The Times of India, March 30, 2017
Is Hinduism being Talibanised by fanatics?
Jug Suraiya in Juggle-Bandhi
Taliban-like fanatics using strong-arm tactics are giving Hinduism a bad name.
The most recent case is that of Shiv Sena vigilantes – backed by members of the Bajrang Dal and the Hindu Kranti Dal – forcing meat shops in Gurgaon to shut down for nine days during the Navratras.
The Sainiks claim is untenable that their action was motivated by the aim of protecting Hindu sensibilities during this period, when many Hindus fast or go on a special diet.
Such coercion is totally contrary to the basic Hindu tenets of tolerance and liberalism.
Of all the major religions of the world, Hinduism is perhaps unique in that it not only doesn’t seek to convert people of other faiths, but it doesn’t enjoin upon its own flock inflexible rules of religious practice.
You can be a perfectly good Hindu and never go to a temple. Or observe the Navratras, or Karva Chauth, or any other Hindu festival. You can eat beef, or be an atheist and still be a Hindu.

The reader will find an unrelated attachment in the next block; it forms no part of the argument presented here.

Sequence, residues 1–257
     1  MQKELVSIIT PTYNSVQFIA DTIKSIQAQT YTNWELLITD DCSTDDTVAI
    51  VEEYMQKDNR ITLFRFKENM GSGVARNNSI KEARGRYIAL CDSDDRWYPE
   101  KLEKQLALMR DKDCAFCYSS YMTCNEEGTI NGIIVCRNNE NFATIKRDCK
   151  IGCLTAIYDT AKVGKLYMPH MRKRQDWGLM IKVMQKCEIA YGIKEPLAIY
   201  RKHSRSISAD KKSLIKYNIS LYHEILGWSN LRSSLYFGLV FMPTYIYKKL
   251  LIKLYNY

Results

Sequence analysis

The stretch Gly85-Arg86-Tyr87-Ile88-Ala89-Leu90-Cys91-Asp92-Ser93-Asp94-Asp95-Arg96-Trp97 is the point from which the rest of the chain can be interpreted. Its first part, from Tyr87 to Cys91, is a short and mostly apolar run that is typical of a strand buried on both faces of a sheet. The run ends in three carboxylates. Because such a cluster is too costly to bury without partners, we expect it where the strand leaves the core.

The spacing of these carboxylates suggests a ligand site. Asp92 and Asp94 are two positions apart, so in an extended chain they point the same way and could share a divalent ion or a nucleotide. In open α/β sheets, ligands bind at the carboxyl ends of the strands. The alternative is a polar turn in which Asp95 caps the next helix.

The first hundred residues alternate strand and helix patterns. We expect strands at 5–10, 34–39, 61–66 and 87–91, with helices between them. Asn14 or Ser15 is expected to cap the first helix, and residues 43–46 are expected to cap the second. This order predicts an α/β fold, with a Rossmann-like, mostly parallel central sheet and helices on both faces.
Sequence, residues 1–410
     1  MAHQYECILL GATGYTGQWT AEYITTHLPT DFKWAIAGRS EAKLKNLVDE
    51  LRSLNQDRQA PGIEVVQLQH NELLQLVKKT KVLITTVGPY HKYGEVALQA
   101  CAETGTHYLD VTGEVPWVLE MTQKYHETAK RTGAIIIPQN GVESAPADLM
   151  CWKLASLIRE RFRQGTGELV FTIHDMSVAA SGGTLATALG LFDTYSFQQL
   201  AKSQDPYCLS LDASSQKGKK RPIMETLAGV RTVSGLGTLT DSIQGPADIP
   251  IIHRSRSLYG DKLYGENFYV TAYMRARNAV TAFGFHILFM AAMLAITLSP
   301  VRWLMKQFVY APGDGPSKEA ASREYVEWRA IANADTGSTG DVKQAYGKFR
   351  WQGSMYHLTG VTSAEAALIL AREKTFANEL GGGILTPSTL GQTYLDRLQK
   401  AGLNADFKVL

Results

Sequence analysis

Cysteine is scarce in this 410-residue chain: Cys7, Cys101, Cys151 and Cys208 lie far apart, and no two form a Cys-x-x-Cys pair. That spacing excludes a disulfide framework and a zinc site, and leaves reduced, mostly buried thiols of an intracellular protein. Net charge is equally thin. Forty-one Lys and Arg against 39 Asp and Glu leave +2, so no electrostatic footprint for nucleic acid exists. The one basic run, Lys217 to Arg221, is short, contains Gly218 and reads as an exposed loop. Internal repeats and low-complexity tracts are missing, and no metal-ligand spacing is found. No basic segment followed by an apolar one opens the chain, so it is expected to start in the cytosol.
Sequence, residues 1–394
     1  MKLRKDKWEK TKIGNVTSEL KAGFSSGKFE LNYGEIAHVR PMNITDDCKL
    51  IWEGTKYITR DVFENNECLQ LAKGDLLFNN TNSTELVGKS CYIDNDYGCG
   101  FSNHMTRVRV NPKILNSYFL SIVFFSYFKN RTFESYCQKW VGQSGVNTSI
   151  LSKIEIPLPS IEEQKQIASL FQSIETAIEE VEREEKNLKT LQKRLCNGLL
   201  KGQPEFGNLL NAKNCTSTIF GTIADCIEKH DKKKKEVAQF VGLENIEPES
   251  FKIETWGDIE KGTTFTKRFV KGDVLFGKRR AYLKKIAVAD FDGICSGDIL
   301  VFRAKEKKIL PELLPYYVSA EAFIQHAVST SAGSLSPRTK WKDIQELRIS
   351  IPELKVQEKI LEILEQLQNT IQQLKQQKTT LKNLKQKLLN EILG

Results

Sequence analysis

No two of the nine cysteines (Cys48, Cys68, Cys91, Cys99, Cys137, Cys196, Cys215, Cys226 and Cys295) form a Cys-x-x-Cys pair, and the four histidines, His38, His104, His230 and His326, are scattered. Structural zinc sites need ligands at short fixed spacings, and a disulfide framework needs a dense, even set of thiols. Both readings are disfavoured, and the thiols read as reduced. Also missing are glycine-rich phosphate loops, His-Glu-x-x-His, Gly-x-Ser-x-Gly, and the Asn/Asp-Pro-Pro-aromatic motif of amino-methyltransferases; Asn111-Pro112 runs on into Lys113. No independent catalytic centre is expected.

Of recent times, however, a handful of self-styled guardians of the Hindu faith and traditions have taken it upon themselves to use brute force – or the threat of force – to enforce a supposedly “Hindu’ code of conduct upon others.
They have stopped people – literally on pain of death, and irrespective of religion – from eating beef, or being held in suspicion of eating it. They have stopped, or tried to stop, people from celebrating occasions such as Valentine’s Day, on the grounds that such ‘western’ observances go against Hindu culture.
Indeed, the list of things which, according to this moral police, purportedly go against what they deem to be Hindu culture is long and daily growing longer, to include such pernicious practices as women wearing jeans, or going out in the evenings, or pursuing a career.
Far from protecting Hinduism, such a narrow and bigoted interpretation of that complex and subtle life science which has been given the convenient shorthand title of Hinduism, sabotages its very foundations.
Is the elegant and enduring edifice of Hinduism, which has withstood invasion and foreign rule, really so fragile that it needs such misguided and ham-handed interventions to preserve it?
Today, true Hinduism is indeed in need of protection. Protection not from outside forces but from those within its own fold who constitute a saffron Taliban.
A former associate editor with the Times of India, Jug Suraiya writes two regular columns for the print edition, Jugular Vein, which appears every Friday